The days of internation telecoms company, Etisalat, in Nigeria are numbered on the 20 fingers and toes, with indication by the company of Middle Eastern origin that it will be leaving the country in about three weeks.
A Reuters report by Stanley Carvalho gives details:
Telecoms group Etisalat has terminated a management agreement with its Nigerian arm and given the business time to phase out the Etisalat brand in Nigeria, the chief executive of Etisalat International told Reuters on Monday.
Nigerian regulators intervened last week to save Etisalat Nigeria from collapse after talks with its lenders to renegotiate a $1.2 billion loan failed.
Etisalat, with a 45 percent stake in the Nigerian business, said in June it had been ordered to transfer its shares to a loan trustee after the talks had failed.
CEO of Etisalat International Hatem Dowidar said all UAE shareholders of Etisalat Nigeria, including state-owned investment fund Mubadala, had exited the company and left the board and management.
He said in an interview with Reuters discussions were ongoing with Etisalat Nigeria to provide technical support, adding that it could continue to use the brand for another three-weeks before phasing it out.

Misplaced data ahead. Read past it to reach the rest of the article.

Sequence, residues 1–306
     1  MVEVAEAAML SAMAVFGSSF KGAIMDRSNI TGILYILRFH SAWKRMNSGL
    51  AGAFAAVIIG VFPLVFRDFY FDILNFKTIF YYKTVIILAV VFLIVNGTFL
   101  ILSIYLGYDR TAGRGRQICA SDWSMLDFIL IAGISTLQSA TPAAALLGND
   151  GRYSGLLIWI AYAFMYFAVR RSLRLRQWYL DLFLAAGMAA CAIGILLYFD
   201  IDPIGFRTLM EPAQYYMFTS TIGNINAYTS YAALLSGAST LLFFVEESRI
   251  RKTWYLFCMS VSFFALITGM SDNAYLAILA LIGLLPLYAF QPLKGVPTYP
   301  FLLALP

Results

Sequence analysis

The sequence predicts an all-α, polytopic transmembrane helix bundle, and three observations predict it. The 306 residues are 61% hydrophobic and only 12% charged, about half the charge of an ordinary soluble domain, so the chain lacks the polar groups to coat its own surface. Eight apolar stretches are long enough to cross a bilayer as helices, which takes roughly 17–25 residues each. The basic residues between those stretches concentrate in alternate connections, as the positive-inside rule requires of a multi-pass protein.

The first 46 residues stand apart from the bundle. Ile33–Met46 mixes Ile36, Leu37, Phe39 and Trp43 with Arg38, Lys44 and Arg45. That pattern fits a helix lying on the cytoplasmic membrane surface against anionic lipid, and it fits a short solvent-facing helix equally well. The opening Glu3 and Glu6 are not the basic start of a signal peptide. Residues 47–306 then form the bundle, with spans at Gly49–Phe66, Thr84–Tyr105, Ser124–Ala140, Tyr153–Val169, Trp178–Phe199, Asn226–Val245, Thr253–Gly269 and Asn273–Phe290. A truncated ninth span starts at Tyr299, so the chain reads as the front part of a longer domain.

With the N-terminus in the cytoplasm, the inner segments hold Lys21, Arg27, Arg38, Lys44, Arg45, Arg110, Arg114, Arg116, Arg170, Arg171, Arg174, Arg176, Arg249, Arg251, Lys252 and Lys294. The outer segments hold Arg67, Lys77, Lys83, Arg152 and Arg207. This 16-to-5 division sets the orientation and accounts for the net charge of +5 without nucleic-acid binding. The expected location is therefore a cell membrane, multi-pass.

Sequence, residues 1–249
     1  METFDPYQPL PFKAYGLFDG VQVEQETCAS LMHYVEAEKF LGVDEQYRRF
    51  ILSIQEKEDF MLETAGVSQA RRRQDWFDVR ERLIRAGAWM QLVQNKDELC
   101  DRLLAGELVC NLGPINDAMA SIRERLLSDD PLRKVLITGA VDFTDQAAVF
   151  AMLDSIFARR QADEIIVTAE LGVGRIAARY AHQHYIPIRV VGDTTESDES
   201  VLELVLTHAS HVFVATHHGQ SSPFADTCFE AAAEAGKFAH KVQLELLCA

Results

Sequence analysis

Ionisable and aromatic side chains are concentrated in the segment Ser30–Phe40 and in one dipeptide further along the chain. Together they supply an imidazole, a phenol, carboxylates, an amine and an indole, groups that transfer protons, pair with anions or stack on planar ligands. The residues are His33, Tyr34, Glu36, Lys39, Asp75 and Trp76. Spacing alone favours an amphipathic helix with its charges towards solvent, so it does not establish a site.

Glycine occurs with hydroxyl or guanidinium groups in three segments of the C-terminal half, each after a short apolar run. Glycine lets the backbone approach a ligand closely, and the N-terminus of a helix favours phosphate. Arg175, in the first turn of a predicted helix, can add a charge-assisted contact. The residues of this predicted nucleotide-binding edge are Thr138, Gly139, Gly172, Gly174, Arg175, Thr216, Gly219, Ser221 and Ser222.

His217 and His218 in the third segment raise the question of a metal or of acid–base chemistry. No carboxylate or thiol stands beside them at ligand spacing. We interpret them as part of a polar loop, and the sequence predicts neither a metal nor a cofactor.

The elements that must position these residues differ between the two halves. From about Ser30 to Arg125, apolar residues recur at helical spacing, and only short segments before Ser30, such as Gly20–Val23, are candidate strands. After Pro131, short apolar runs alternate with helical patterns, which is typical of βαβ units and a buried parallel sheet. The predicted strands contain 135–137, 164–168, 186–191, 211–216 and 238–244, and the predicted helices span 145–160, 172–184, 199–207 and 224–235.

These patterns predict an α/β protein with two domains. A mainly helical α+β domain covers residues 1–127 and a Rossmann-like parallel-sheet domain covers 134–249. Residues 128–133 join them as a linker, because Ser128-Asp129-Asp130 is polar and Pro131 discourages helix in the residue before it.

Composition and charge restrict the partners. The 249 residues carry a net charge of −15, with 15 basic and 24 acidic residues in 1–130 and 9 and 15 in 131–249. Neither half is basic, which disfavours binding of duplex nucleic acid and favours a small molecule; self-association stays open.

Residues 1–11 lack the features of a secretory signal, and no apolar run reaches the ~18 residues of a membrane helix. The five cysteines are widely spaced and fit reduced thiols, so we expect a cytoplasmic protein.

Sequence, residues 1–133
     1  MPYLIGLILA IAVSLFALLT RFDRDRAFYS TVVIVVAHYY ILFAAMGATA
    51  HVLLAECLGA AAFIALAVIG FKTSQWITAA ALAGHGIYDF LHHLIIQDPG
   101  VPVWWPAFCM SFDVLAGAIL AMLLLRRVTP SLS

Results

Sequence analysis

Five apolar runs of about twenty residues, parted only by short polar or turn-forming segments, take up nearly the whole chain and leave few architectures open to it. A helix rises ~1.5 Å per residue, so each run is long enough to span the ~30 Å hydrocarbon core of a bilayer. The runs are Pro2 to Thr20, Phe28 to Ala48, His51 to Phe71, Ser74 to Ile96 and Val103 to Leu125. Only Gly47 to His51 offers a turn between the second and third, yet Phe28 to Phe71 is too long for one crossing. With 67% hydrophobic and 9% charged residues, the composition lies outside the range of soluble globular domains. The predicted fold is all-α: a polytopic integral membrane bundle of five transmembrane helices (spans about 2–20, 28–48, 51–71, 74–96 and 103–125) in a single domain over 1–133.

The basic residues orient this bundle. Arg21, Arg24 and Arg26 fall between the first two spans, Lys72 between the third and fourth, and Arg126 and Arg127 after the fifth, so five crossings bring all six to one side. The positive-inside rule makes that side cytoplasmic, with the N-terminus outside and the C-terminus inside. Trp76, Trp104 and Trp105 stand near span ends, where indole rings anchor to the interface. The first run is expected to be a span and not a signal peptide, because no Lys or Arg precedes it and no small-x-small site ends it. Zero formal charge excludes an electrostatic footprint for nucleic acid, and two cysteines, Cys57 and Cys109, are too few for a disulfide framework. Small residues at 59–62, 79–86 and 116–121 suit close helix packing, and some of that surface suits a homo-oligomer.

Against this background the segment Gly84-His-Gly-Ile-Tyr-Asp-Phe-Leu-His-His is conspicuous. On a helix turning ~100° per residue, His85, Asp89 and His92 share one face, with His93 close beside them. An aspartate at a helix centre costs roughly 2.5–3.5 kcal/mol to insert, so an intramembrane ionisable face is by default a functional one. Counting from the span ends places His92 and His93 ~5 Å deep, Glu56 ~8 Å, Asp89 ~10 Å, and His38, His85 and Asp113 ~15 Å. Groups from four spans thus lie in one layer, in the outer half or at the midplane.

“There’s a new board and we are not part of that company. We have sent our termination letter for the management agreement,” he told Reuters.
Etisalat Nigeria is the biggest foreign-owned victim of dollar shortages plaguing the country due to lower oil prices and economic recession, leaving the company struggling to make repayments to lenders and suppliers.
Etisalat Nigeria took-out a $1.2 billion loan with 13 local lenders in 2013 to refinance an existing loan and fund expansion, but struggled to repay four years later.
Dowidar said parent Etisalat had written down the value of the Nigerian business on its books and that transferring its 45 percent stake to the lenders after loan renegotiation talks collapsed had no impact on the group.
South Africa’s MTN is the biggest player in Nigeria’s telecoms industry, while Etisalat, with a 14 percent market share, has struggled to compete.
Asked whether Etisalat would consider entering Nigeria again, Dowidar said: “The train has left the station on that one. Being in that market as an investor … are we willing to risk more money compared to the reward for the long-term?”
The CEO said Etisalat had been unsuccessful at converting some of its dollar debt to local Nigerian currency. He also said the group might exit or merge with a local rival in markets where it was not one of the top two players. He did not specify which markets.
Etisalat is among the top two in markets such as the UAE, Saudi Arabia, Morocco, Egypt and Afghanistan, he said.
“(Nigerian) lenders may try to continue to operate the company until they find a buyer (or) they may merge the company with the existing players in Nigeria, he said, adding that it was tough to say what lenders would do.
“The brand agreement in either of these two scenarios won’t be a long-term thing, so we take out the brand; in the long term Etisalat won’t be in Nigeria.” (Additional reporting and writing by Chijioke Ohuocha; Editing by Louise Heavens and Jane Merriman)